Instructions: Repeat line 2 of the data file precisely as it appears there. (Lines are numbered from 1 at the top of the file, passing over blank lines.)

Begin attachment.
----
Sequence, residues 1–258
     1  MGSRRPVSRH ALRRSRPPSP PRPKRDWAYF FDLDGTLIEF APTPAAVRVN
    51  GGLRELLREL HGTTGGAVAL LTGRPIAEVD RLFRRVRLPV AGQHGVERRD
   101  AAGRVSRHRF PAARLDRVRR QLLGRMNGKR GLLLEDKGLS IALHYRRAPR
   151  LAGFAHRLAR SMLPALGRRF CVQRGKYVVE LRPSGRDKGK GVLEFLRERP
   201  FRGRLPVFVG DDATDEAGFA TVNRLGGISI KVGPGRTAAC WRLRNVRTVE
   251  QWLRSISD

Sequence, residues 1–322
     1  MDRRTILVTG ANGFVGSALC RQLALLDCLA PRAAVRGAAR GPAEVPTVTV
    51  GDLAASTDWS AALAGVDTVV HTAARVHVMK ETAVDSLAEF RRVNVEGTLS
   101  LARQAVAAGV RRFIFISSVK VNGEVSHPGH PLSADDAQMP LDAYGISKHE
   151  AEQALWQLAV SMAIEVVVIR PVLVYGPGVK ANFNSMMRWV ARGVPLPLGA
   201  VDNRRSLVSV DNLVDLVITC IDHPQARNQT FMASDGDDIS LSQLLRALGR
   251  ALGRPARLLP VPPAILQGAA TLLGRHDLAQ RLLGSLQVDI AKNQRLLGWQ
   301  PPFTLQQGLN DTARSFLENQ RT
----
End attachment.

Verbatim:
     1  MGSRRPVSRH ALRRSRPPSP PRPKRDWAYF FDLDGTLIEF APTPAAVRVN